Common Sense

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Common Sense

By Thomas Paine

Foreword

IN all the turbulent history of the fledgling nation of the United States, one document stands above all others as the most adamant and indefatigable proclamation and defense of human liberty. Even the Constitution, that noble Magna Carta, is ideologically prostrate before the unimpeachable ideas expressed by Thomas Paine in “Common Sense.” 

First published anonymously in January of 1776, the first edition was rapaciously devoured by the colonial society of the time at such an incredible pace it had been reprinted over 120,000 times in three months, making it the most widely read piece of literature in early American history after the Bible. 

Thomas Paine, a moral and philosophical outcast of his English homelands and perennial ne’er-do-well, found his raison-d'etre in the murkily uncertain and dashingly dangerous moment in history that is known to us now as the American War of Independence in which the shining light of liberty was wrested from English hands. 

It has stood throughout history as one of the most vigorous denunciations of imperial ideology and cuts through the arrogance of global governance that was only just beginning to take shape. As an advocate of the abolition of all forms of human slavery, Thomas Paine lived, breathed, and wrote a century before his time. 

His was a mind fully beyond the world in which he was forced to make his living and it did not allow itself the respite we so often grant ourselves in the radiant afterglow of a hard-fought victory. Instead he traveled across the breadth of the Western World, bearing with him the inextinguishable flame of the one shared human desire and with it stoked the revolutionary fires of Europe to a boiling point.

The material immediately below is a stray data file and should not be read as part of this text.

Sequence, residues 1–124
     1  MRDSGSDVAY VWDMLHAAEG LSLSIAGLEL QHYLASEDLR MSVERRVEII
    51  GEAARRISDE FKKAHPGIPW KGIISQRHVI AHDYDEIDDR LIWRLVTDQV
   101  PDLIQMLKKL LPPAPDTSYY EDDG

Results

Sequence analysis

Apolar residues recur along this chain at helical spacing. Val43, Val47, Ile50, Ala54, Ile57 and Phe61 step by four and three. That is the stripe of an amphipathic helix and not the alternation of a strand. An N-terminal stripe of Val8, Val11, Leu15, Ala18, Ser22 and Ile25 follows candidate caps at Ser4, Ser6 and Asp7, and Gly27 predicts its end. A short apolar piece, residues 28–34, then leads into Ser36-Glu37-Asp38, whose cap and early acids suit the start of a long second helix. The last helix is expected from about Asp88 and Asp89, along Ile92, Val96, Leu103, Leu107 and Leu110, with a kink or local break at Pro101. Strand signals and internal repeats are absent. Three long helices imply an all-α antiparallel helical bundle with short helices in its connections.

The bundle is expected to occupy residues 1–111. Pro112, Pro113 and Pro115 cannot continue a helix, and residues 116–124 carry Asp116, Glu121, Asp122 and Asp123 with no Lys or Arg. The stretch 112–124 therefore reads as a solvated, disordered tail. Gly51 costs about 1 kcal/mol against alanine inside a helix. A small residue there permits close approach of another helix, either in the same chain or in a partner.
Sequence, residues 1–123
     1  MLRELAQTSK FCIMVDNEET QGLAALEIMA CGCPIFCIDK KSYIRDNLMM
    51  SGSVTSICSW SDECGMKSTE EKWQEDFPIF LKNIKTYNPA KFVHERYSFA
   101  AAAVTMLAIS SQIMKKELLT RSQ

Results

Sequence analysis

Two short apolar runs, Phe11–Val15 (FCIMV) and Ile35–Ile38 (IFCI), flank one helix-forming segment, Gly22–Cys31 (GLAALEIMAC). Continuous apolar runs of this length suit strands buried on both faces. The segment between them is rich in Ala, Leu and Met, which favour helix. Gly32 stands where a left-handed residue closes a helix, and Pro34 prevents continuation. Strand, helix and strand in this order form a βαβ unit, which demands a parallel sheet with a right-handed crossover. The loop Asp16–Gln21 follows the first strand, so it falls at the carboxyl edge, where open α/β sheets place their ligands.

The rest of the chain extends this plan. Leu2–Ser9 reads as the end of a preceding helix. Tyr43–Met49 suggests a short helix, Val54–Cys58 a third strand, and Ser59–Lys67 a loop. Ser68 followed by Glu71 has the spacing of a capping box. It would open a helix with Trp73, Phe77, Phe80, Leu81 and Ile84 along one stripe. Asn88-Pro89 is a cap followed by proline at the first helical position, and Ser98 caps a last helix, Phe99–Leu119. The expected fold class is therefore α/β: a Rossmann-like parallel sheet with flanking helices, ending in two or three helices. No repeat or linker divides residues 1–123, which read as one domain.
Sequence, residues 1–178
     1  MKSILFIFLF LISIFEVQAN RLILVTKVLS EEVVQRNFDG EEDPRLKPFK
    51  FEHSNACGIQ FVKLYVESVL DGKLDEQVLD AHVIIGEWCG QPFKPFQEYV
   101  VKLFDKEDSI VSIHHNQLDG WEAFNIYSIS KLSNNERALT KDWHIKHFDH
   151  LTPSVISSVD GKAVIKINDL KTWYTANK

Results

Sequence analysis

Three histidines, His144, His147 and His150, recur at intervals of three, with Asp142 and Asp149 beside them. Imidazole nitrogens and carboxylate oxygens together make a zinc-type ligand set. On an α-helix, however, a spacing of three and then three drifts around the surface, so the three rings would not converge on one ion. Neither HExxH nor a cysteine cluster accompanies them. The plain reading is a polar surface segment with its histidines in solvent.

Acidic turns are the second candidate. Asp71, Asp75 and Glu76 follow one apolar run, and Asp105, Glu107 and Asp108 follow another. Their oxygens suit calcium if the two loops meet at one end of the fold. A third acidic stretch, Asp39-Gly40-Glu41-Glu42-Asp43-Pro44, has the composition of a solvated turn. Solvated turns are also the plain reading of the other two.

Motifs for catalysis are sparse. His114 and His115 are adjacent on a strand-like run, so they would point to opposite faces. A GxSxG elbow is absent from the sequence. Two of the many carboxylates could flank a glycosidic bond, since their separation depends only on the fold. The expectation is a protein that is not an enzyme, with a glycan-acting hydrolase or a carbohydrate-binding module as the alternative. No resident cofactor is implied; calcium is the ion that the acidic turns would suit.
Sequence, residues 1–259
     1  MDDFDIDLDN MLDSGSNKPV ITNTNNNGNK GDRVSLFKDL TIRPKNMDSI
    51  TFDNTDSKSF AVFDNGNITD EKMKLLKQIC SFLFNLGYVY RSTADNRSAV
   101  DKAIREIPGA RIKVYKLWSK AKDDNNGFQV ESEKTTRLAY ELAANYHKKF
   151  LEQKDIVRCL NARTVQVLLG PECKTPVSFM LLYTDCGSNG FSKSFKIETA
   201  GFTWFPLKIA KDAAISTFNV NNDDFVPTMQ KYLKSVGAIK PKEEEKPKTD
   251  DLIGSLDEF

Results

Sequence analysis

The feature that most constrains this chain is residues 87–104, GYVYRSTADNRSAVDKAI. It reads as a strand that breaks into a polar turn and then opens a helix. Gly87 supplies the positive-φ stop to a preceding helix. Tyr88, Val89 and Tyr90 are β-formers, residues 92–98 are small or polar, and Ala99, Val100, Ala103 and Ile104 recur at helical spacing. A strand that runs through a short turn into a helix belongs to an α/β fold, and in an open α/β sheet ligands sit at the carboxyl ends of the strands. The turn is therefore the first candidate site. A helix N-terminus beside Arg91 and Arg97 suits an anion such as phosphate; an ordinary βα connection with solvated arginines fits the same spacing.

The fervency of his spirit and the acceleration of his career upon his arrival in the colonies has led some to speculate that he may have been a member of the ancient craft of Freemasonry, which was then disorganized, fractured and full of vigor and had not yet become the behemoth that straddled the British Empire in the 19th century. 

Although no definite proof of his initiation remains extant, Paine extolled in his writings and demonstrated in his actions the qualities that true Freemasons hold to be the sacrosanct commandments of the Universe itself. 

To pursue the fulfillment of the triune virtues of the human race — Liberty, Equality, Fraternity — and the overwhelming commitment to do what is morally required whether the reward be ridicule or praise. 

In that spirit, his timeless words are here republished that they may breathe fresh air onto the smoldering coals of human autonomy and that by their impact upon your actions, return us to a state of true freedom in the quest after Life, Liberty, and Property. 



To The Glory Of God

And The Perfection Of Humanity

 

 

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